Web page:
Our week in the Cape Breton Highlands National Park was excellent. Waterfalls, blueberries, mountains, beaches, bogs and the massive Atlantic Ocean were all welcome sights during our time collecting. There were no moose this time around, though I was equally gratified seeing an abundance of amphibians; particularly frogs and salamanders.
While conducting some aquatic sampling along the Bog trail, we came across many rather large Green frogs (Rana clamitans) and their tadpole counterparts. The crew was excited, these were the first Green frogs we had seen so far on the BIObus. The Green frog can grow to an upper length of about 4 inches, with the females tending towards the larger of the two sexes. A more direct way to distinguish between the two genders of Green frog is the size of the structure just below the eye: the tympanum. Males have a tympanum roughly twice the diameter of their eye whereas females possess a tympanum of equal diameter to the eye. As the tympanum is responsible for producing the Green frog’s distinctive call through vibration of the structure, the male’s larger tympanum is not a surprising trait given how vital producing a loud ‘croak’ noise is for males to defend their territory and to claim mates.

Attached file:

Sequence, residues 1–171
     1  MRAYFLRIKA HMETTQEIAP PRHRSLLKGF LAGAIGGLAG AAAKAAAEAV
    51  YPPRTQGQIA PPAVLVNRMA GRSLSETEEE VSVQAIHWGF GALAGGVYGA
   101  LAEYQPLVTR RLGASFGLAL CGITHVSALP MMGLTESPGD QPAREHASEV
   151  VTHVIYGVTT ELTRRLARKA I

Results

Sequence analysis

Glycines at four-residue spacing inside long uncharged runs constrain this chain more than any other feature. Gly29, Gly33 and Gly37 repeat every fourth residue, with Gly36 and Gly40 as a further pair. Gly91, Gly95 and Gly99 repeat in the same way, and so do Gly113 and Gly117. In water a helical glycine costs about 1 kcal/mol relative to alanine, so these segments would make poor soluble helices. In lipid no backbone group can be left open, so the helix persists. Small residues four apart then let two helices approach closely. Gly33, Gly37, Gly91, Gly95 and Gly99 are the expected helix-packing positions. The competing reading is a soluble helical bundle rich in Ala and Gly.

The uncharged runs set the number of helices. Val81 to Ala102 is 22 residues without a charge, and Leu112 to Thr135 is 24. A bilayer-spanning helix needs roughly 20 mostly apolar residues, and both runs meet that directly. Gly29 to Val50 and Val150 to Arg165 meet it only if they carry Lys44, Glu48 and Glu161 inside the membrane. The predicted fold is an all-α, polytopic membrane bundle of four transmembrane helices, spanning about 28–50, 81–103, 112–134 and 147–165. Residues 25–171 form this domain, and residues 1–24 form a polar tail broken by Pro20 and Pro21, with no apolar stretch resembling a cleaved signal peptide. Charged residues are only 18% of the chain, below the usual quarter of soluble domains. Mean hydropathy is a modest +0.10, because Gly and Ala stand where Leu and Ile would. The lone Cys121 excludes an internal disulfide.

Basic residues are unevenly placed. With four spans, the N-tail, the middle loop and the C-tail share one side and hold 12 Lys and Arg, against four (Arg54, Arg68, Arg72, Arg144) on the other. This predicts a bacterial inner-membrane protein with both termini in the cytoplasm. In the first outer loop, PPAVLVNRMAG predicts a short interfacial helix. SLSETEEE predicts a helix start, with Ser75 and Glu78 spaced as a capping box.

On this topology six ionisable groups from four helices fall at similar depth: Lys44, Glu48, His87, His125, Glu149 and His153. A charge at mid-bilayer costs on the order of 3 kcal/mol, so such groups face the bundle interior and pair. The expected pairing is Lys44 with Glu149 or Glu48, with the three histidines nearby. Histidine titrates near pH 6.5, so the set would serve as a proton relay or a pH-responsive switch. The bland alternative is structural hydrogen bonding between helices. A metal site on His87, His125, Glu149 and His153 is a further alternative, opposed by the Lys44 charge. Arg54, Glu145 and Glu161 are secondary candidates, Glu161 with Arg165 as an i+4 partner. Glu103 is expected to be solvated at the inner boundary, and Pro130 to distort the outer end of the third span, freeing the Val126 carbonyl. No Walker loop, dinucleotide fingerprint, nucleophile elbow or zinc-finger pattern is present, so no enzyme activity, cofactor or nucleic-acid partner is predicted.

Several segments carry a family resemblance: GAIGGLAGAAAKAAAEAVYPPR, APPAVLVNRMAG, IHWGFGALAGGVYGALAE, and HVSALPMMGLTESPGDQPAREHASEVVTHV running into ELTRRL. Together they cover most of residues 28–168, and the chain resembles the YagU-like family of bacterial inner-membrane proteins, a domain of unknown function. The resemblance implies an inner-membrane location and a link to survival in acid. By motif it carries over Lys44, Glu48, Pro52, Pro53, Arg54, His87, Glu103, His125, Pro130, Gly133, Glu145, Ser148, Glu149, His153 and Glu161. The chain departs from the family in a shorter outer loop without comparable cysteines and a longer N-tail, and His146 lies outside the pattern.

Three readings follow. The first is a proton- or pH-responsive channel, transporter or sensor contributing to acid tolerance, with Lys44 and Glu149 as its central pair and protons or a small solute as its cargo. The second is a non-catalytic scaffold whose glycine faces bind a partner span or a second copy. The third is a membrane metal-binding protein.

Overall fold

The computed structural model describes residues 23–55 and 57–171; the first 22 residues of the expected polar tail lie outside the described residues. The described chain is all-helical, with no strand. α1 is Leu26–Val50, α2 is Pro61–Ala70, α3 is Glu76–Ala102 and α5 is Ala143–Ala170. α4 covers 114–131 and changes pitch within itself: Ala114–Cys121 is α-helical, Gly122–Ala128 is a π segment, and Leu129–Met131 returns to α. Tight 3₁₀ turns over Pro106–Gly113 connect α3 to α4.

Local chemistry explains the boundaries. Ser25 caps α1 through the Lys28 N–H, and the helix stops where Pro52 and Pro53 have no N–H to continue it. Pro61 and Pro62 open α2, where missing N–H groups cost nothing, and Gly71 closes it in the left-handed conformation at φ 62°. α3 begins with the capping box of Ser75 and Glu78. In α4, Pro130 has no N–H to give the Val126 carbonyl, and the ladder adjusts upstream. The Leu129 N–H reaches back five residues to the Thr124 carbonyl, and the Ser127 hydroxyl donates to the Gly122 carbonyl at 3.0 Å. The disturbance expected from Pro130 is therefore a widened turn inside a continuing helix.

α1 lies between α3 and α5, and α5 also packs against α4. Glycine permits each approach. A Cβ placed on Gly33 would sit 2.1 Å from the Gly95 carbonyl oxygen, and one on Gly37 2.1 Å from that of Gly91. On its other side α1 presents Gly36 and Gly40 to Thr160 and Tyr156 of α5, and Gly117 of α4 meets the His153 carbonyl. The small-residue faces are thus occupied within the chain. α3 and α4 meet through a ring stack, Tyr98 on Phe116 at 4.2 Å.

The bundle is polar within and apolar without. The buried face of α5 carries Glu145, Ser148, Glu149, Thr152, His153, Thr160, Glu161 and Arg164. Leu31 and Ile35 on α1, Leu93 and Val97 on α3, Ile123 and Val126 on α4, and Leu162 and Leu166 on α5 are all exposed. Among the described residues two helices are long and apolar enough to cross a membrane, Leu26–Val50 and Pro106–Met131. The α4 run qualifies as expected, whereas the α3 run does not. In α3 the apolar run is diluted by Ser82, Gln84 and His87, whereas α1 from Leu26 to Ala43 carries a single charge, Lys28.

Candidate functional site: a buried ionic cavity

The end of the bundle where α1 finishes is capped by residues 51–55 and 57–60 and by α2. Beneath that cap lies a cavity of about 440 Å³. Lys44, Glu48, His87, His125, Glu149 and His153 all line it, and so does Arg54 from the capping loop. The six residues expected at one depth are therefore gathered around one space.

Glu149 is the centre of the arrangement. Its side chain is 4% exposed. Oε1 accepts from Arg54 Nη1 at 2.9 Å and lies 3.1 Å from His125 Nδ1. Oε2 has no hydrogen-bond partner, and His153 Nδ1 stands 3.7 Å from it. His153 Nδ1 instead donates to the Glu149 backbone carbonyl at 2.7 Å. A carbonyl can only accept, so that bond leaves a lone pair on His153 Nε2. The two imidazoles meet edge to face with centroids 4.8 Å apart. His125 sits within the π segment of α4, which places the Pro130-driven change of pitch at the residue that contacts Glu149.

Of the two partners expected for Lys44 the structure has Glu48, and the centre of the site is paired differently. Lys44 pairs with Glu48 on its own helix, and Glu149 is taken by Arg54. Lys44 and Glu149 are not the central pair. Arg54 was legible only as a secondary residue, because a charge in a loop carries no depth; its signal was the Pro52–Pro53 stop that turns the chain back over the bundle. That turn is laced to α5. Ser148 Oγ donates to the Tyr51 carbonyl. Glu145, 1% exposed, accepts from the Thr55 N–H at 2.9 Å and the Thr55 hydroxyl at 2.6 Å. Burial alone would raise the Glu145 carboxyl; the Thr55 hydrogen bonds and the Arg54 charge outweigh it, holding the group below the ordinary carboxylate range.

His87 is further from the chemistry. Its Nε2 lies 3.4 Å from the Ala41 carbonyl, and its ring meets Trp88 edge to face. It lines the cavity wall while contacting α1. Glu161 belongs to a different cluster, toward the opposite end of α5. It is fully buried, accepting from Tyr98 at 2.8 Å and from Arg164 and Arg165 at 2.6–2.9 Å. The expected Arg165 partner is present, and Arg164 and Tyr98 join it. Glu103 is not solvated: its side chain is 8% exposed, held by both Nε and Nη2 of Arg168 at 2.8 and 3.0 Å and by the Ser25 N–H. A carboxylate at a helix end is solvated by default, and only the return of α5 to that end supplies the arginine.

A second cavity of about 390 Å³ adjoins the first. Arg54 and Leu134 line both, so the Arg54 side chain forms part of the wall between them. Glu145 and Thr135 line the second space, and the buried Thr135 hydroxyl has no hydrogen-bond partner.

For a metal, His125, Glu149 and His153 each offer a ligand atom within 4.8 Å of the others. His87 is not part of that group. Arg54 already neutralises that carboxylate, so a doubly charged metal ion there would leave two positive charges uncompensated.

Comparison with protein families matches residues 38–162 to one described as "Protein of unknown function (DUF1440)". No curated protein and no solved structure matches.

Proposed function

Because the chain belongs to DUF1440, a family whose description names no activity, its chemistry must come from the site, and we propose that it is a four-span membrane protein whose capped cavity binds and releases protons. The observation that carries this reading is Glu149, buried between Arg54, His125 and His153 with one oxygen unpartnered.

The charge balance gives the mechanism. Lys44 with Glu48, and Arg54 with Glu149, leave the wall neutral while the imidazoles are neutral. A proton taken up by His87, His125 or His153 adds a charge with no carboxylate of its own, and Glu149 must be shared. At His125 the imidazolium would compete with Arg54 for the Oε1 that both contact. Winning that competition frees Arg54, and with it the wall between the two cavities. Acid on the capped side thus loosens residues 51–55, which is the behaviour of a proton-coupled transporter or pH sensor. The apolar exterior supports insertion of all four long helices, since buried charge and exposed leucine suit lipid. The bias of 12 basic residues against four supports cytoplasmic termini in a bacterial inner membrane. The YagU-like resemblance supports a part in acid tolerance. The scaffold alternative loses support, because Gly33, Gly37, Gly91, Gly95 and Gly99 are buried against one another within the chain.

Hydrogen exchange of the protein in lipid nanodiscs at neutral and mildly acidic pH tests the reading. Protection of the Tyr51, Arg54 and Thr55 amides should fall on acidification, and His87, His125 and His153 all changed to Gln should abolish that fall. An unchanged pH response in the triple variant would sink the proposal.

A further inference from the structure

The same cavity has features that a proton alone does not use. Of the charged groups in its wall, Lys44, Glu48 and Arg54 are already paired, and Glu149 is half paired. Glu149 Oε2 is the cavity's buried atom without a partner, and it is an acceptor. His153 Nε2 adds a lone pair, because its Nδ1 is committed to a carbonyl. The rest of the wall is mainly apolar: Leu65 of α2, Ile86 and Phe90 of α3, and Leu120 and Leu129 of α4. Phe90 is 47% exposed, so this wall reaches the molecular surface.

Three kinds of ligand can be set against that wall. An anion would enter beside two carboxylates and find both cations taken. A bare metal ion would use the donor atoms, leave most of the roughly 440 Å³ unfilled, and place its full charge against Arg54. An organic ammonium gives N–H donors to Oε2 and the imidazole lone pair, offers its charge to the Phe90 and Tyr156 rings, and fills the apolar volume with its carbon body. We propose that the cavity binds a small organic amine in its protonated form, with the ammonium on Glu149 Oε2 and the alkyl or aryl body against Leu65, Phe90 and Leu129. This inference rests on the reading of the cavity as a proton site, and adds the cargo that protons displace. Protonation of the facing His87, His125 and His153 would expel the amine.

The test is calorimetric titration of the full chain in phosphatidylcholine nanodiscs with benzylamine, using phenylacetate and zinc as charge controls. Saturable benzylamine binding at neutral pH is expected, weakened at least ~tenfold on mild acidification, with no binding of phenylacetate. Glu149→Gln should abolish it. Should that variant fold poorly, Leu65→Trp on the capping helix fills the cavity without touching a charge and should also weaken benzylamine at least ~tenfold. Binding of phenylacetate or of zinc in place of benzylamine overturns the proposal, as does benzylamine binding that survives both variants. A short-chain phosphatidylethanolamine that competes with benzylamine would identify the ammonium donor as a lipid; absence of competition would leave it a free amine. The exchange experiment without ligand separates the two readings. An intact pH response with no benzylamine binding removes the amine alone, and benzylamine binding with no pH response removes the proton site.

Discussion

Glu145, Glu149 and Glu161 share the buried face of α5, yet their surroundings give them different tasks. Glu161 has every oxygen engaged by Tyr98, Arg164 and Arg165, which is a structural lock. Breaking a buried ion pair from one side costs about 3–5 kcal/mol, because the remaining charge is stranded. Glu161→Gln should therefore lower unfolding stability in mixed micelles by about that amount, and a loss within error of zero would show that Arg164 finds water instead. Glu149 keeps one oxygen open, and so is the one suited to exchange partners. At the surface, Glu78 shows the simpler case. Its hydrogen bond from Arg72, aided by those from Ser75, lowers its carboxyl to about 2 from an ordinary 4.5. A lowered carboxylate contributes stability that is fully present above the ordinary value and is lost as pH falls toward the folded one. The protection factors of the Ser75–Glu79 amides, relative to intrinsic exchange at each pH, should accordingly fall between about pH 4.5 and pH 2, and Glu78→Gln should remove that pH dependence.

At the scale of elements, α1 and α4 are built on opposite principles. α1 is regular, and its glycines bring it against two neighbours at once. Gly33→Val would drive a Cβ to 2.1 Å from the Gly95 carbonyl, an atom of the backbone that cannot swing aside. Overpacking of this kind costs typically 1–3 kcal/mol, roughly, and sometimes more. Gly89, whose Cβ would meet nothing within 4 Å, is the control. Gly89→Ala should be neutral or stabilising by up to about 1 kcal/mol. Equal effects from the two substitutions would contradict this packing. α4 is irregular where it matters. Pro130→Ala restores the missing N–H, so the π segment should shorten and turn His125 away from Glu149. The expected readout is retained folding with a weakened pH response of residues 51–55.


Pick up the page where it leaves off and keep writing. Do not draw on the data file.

The Green frog is found all across North America in great abundance ranging from Florida to Newfoundland, their populations typically large and stable. The females release a massive egg clutch for fertilization, with 1000-7000 eggs being deposited at a given time. The eggs will mature to tadpoles, which will either mature to an adult form in the current season or overwinter in preparation for the next.
Now that we have arrived in Kejimkujik National Park, the herptofauna capital of Atlantic Canada, I imagine we will see many more Green frogs along our arthropod collecting journey.